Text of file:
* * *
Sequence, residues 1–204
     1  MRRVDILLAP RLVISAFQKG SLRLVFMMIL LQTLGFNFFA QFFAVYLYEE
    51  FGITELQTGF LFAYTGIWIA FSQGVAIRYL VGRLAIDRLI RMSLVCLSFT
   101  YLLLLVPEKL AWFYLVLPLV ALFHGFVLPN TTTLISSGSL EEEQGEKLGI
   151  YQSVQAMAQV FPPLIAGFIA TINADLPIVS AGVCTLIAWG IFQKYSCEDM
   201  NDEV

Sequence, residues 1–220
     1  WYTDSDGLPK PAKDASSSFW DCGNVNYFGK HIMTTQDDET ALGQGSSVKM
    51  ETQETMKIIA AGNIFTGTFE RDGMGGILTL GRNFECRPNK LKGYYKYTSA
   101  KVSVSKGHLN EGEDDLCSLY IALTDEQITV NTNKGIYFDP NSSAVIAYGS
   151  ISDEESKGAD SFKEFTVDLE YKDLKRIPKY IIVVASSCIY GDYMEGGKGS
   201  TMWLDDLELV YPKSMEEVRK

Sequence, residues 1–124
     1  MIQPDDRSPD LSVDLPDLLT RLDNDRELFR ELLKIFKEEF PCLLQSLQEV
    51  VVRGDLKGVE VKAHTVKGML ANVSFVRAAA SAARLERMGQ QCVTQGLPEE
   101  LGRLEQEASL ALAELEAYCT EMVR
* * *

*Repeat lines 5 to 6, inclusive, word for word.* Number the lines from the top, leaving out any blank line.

   151  YQSVQAMAQV FPPLIAGFIA TINADLPIVS AGVCTLIAWG IFQKYSCEDM
   201  NDEV